25 Nov 2021 By travelpulse
Accommodation South Korea introduces
Signs of a recovery in the travel industries of Africa and the Middle East are becoming clearer to see, according to several different sources, including the UN World Tourism Organization (UNWTO).
The UNWTO Tourism Recovery Tracker has found that while the global hotel occupancy rate is at 59 percent, the Middle East is seeing an occupancy rate of 64 percent. Hotel bookings for the Middle East are only 13 percent lower than pre-pandemic levels, while the global average is 40 percent lower
Additionally, 2021â€™s international seat capacity on flights to the Middle East is 56 percent lower from 2019â€™s levels, while capacity on flights to Africa is 48 percent lower. Both are higher than the global comparison, at -65 percent, indicating that these regions are both welcoming more international visitors than both the European and Asia & Pacific regions.
According to ForwardKeys, air ticketing data shows that Africa and the Middle Eastâ€™s inbound international traveler numbers are greater (at -68 percent) than those of the global figure (at -77 percent).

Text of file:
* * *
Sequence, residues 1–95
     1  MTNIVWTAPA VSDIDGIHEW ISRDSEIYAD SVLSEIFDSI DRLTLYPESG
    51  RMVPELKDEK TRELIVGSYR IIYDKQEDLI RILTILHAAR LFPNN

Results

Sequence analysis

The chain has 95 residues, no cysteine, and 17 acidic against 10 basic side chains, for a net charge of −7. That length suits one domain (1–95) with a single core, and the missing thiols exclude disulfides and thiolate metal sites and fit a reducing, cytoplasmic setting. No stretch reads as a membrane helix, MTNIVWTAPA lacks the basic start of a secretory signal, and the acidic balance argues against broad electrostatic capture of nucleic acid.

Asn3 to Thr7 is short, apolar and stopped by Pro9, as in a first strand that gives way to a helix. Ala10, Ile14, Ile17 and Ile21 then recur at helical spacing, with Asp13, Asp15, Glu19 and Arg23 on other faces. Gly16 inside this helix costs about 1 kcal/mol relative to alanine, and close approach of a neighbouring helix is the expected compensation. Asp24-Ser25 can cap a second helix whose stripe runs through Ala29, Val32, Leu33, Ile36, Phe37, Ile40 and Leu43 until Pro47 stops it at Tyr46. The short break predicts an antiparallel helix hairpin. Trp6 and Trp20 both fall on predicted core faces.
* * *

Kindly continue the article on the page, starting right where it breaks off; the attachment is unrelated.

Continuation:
The numbers of inbound international travelers are largely dominated by family members and friends visiting, especially in the North Africa region, in which they account for 46 percent of all inbound arrivals. But the Middle East is seeing a larger proportion of leisure travelers, due to large events like the 2020 Dubai Expo.
Travelers to these regions are also from countries that have larger vaccination rates, easier travel conditions and flight connections; the largest three nationalities of travelers to these regions are Saudis, Emiratis and Qataris.
Both Africa and the Middle East have been incredibly impacted by the pandemic. While the Middle East seems to be recovering faster due to access to vaccines, both regions are on the path to a recovery.
The World Travel & Tourism Councilâ€™s Global Economic Impacts & Trends Report 2021 found that Africa lost about half of its travel and tourism GDP in 2020 along with 7.2 million jobs and put many sustainability and conservation initiatives at risk. By comparison, the Middle East lost 51 percent of its travel and tourism GDP in 2020, losing 1.2 million jobs.
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